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Singapore budget to focus on GST and digital sales

Singapore budget to focus on GST and digital sales

A new e-commerce tax, tax hikes, and changes to the goods and services tax (GST) regime that may affect MNEs are all highly likely in Singapore’s 2018 budget next week.

Tax professionals predict that Finance Minister Heng Swee Keat will announce a number of changes to the country’s tax system to strike a balance between the country’s growing spending needs and maintaining fiscal sustainability. 

Many tax experts and economists are expecting a new e-commerce tax to be unveiled by the finance minister when he makes his speech in Parliament on February 19.

E-commerce expectations

In recent months, Prime Minister Lee Hsien Loong has said that raising taxes will be inevitable to meet spending needs, while Indranee Rajah, senior minister of state for law and finance, has mentioned that the government is examining how to tax online shopping. A Bloomberg survey, in which eight of 12 economists said the budget will contain an e-commerce tax, has strengthened this expectation. Others have suggested that a cross-border digital transactions tax will be included in the GST regime.

“With the increasing prominence of indirect taxes like GST in the digital economy, some countries already have rules that take aim squarely at e-commerce transactions. Considering these trending developments, international consensus is likely to become a key driver that shapes future GST changes in Singapore,” Eng Kiat Loh and Yoke Ping Boey, tax partners at Baker Tilly TFW Singapore, told International Tax Review.

“Singapore has generally adopted a pragmatic and pro-business approach in the design of its GST system. This approach helps to reduce the GST compliance costs of taxpayers and is welcomed by taxpayers. However, it has also resulted in tax leakages brought forth by the digital economy,” said Yeo Kai Eng, partner and indirect tax services leader at Ernst & Young Solutions.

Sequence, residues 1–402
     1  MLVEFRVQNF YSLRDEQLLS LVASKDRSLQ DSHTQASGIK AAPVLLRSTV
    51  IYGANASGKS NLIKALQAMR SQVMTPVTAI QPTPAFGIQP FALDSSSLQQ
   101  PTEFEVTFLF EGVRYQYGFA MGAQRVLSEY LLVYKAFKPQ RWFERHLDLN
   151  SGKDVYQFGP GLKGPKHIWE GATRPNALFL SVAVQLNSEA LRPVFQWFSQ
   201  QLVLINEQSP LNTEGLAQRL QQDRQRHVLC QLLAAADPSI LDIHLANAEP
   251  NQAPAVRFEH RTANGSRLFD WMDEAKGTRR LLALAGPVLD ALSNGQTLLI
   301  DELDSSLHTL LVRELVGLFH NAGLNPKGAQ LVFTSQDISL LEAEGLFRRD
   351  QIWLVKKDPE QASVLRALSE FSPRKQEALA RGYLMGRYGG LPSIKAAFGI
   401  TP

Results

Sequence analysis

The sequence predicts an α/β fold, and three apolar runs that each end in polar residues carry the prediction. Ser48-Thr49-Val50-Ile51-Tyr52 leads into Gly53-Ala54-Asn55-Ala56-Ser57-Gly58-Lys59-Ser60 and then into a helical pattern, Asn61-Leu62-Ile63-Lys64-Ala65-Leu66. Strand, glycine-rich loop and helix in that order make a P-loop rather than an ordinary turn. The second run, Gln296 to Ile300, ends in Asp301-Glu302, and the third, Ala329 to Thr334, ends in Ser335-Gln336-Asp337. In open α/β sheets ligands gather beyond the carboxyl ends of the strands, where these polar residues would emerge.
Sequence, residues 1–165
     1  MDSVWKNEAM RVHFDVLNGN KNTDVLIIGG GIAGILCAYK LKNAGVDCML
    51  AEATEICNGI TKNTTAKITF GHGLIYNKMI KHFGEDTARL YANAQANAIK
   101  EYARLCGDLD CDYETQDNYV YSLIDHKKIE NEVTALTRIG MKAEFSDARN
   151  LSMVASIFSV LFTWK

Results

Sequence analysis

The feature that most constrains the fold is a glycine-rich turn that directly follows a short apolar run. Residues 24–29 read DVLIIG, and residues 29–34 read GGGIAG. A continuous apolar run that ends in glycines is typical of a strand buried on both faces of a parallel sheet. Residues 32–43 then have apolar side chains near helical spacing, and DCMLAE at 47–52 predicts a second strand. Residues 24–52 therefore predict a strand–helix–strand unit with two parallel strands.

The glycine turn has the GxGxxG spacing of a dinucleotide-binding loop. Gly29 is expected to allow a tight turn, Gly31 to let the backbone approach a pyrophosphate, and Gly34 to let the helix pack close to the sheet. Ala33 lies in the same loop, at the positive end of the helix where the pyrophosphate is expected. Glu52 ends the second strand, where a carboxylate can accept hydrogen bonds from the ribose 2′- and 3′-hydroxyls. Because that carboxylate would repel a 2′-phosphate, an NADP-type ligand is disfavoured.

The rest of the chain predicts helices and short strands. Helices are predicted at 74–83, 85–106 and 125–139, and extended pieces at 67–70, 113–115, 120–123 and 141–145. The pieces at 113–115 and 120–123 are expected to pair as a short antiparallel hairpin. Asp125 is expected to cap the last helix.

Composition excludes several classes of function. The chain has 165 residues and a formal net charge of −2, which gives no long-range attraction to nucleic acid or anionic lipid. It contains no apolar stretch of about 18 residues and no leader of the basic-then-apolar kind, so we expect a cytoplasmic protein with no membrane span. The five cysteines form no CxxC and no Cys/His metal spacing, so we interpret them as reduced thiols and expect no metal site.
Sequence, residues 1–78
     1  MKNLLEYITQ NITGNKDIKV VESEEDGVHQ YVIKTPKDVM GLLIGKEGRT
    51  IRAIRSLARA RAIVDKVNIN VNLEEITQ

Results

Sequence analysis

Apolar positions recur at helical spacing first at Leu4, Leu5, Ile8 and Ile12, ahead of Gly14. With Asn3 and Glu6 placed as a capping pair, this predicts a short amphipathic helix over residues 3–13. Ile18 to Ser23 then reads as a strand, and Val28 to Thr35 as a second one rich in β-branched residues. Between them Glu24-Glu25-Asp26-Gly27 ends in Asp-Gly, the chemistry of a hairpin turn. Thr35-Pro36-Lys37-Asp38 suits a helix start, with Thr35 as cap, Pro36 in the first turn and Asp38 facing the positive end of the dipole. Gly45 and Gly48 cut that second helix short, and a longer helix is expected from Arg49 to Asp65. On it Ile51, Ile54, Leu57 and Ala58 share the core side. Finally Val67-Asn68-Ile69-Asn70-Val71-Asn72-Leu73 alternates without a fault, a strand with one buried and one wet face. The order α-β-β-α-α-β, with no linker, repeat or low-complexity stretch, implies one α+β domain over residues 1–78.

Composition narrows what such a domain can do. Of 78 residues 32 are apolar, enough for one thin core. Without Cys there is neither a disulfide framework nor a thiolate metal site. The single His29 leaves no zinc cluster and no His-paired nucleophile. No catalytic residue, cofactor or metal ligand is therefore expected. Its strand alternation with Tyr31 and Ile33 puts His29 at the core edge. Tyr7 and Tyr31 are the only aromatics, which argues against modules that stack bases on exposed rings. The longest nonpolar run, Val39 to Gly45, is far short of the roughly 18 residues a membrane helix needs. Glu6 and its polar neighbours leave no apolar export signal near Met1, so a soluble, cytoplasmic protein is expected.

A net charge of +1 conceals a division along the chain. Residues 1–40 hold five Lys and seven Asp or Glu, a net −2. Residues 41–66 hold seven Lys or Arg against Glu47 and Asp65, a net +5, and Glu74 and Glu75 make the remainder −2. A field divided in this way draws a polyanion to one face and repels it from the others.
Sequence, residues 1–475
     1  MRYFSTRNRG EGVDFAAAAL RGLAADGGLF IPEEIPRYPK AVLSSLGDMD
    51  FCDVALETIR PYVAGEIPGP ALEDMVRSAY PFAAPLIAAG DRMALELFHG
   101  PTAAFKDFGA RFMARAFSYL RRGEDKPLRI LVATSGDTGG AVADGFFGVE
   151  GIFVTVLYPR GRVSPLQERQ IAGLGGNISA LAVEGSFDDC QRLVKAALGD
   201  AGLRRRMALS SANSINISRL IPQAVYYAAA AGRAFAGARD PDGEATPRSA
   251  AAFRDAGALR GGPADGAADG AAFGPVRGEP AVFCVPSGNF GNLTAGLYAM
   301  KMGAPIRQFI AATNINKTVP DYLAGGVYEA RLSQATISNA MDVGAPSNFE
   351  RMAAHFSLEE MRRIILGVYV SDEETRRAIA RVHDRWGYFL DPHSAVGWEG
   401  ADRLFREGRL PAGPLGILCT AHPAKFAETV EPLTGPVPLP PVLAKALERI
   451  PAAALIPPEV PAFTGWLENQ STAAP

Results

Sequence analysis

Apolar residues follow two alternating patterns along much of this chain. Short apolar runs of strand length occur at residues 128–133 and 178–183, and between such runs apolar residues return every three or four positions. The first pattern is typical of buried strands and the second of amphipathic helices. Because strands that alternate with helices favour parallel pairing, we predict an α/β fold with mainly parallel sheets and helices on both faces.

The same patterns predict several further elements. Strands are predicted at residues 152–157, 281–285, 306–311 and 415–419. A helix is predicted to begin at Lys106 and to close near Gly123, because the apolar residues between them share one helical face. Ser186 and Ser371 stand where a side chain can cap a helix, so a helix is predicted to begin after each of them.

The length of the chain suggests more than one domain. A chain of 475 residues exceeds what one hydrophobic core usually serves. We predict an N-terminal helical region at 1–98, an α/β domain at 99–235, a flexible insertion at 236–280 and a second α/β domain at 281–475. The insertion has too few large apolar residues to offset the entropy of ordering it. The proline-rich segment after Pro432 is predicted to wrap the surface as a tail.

“[T]he introduction of a GST registration regime for overseas vendors supplying digital services, e.g. downloadable software, e-book, music, to consumers in Singapore that is being contemplated by the government can provide an additional source of revenue to support Singapore’s spending on the economy, infrastructure and social services. At the same time, it will also provide a level playing field for local and overseas businesses supplying digital services to consumers in Singapore.”

In his personal opinion, Abhishek Shah, indirect tax head at Caterpillar in Singapore told ITR that he believes “changes on the GST front have been on the radar for quite some time, so it is likely that some action would happen”. However, he noted that as there has been a debate around this already, and the government is clear that it needs to tread carefully, weighing risk/reward before introducing this mega change.

While many expect an e-commerce tax to be announced, there is some debate about when it will be implemented. Some say it could come as early as this year, but the majority believe 2019 is more likely.

For online retail giants, such as Amazon and Alibaba, a tax on e-commerce and foreign sellers of goods and services will mean more compliance. This burden won’t be restricted to Singapore, however. Several countries in the region, including Thailand, Indonesia and Malaysia are considering implementing similar tax rules.

Raising the GST rate

The GST changes won’t only focus on online transactions, with a change in the GST rate being another possible proposal.